2020 Virtual Big Paddle Challenge

This year, we want to challenge you to explore 5 miles of the Lewis River to Vancouver Lake Water Trail anytime in August 2020.

Participating in the challenge is easy and fun!

1. Join the challenge anytime for FREE, registration is not necessary. 

2. Pick up a FREE Ridgefield Big Paddle Swag Bag on Friday, July 31 at Ridgefield City Hall (8am-5pm) or Saturday, August 1 at Overlook Park from 10AM-Noon.

3. Use the Lewis River to Vancouver Lake Water Trail paddle guide and/or the suggestions below and plot your 5 mile route!

4. Grab your life jacket and PADDLE!

5. Snap a picture and share it with #RidgefieldBigPaddle

Don't have a kayak or want to go on a guided tour? Alder Creek Kayak's Ridgefield location is conveniently located on Lake River and they offer guided paddles all along the water trail. 


The 32 river miles in this water trail include Vancouver Lake (more than 5 miles to circumnavigate), the full extent of Lake River (~11.5 miles), a section of the Columbia River along the west side of Bachelor Island (~4 miles), the Bachelor Island Slough and the confluences of the Lewis and Lake Rivers (2.6 miles), upriver on the East Fork of the Lewis River to La Center (~3.25 miles), and upriver on the North Fork of the Lewis River to Woodland (6.5 miles).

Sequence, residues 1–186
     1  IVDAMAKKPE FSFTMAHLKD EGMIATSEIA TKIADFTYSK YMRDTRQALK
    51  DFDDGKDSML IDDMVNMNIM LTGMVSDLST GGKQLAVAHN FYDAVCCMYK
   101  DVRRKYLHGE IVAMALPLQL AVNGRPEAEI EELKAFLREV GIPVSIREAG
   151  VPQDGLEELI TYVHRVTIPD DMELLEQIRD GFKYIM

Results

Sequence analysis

The Water Trail was established in 2012 and was the impetus for the first Ridgefield Big Paddle. 

The unique feature of a water trail is you can float along the trail, and you will not have changed that trail. Its a sustainable form of use. 

Video: Clark County, WA

Video: Casey Evans Media


The Ridgefield Big Paddle began in 2012 to celebrate the efforts of many to create this water trail resource.

The first Big Paddle was June 2nd, 2012. Big Paddle is traditionally held on the first Saturday in June as part of National Trails Day.

The flotilla travels 2.5 miles North on Lake River, past the wildlife refuge, to the Columbia River and back to the Port of Ridgefield launch for a 5 mile round trip. This year, we are challenging you to complete a 5 mile round trip somewhere new along the Water Trail. 

Chinook Blessing

Each year, we begin Big Paddle with a Chinook Blessing at our Opening Ceremony.


This recording from 2019 will have to do for this year. 

Before you head out to paddle, please take a moment to recognize the history of the land and the water you will be traveling on. Since time immemorial, the Chinook Peoples cared for this land.